For more information, look at these sources:

Watch a NYTimes narrated slide show about the national credit crisis.

Read this NYTimes article about global economist Nouriel Roubini, who has been accurate in his predictions since 2006: "Dr. Doom."

Visit Real Estate VooDoo News for a compendium of stories, daily.


What Can This Blog "Do" For You?

This Blog can give information about the local real estate market, local financial issues impacting the City and County, and news about the national housing bubble, economy, foreclosures, and recession.

On our sidebar we have a number of links and tools. These include:

"Featured Stories or Posts" - these are typically clickable links under an image.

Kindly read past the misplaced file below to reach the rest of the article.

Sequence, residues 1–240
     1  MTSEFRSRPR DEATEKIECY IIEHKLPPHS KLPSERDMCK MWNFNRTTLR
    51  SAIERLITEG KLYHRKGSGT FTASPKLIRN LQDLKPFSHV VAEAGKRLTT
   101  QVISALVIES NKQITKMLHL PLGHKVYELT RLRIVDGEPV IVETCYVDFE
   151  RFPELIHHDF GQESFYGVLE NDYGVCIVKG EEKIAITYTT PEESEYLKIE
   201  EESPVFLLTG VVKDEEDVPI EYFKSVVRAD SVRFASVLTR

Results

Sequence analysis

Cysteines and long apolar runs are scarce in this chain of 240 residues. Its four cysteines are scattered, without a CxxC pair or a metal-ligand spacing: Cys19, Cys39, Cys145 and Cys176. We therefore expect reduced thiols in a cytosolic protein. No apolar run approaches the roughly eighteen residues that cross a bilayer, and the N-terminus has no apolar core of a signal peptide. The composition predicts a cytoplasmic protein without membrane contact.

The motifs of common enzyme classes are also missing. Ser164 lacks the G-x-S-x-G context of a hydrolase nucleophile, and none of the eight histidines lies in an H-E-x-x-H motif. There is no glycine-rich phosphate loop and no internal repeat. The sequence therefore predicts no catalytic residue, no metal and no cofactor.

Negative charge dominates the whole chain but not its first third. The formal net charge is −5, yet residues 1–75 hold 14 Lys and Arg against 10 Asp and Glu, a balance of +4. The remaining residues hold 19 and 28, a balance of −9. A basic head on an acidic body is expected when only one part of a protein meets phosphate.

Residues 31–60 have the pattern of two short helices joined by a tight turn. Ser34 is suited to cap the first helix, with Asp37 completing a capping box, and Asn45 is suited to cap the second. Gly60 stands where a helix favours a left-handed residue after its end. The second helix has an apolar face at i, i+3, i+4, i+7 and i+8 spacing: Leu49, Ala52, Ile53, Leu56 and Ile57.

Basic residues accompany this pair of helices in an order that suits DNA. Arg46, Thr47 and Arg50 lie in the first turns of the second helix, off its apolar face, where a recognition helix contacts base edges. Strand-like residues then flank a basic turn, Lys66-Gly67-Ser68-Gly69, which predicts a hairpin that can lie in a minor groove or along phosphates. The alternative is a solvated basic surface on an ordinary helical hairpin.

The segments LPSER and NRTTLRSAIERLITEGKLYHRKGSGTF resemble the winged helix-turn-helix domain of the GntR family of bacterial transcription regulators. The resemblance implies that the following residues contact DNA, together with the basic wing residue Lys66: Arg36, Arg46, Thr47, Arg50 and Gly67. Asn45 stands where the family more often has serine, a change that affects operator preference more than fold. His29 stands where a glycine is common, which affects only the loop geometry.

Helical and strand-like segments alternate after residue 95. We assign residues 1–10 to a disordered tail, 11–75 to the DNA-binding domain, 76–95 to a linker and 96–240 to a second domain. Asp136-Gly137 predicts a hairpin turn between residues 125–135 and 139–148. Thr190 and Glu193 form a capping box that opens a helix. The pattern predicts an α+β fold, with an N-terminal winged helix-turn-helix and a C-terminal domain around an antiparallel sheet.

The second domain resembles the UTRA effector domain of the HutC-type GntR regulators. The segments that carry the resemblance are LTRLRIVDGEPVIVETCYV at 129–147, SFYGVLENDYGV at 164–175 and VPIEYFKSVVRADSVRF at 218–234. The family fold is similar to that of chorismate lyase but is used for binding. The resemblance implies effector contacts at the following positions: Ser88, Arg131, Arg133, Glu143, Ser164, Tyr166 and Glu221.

"In the News" - national news stories we find compelling.

"Live Blog Updates" - from national finance and economics blogs, including CalculatedRISK, the NYTimes Freakonomics, WSJ Marketbeat, and the Mortgage-Lender-Implode-O-Meter.


"Accidental Landlords" - A series about unsold houses that are now available for rent.

"Recent Posts That Generated Talk" - Some, but not all, recent posts. All posts are available under "Blog Archive."

"Finance Calculators" - "Is it better to buy or rent" calculator, mortgage calculators, personal income calculators, family expenses, debt to income ratio, and so forth.

"Bubble Blogs" - national and local blogs about the housing bubble. Not to be missed: HousingPANIC, the "#1 national bubble blog," which is leaving the blogosphere the day after the election, Nov. 5.

"Local Blogs, Sites, and Resources" - everything from local news sources to personal blogs to City and County sites and resources, including City and County Tax Assesors.

"Local Real Estate Blogs" - sites run by agents.

"Vital Reading" - includes national finance, economics, and real estate sites.


Is Now A Good Time To Buy Or Sell A House?

Only you can answer that for yourself.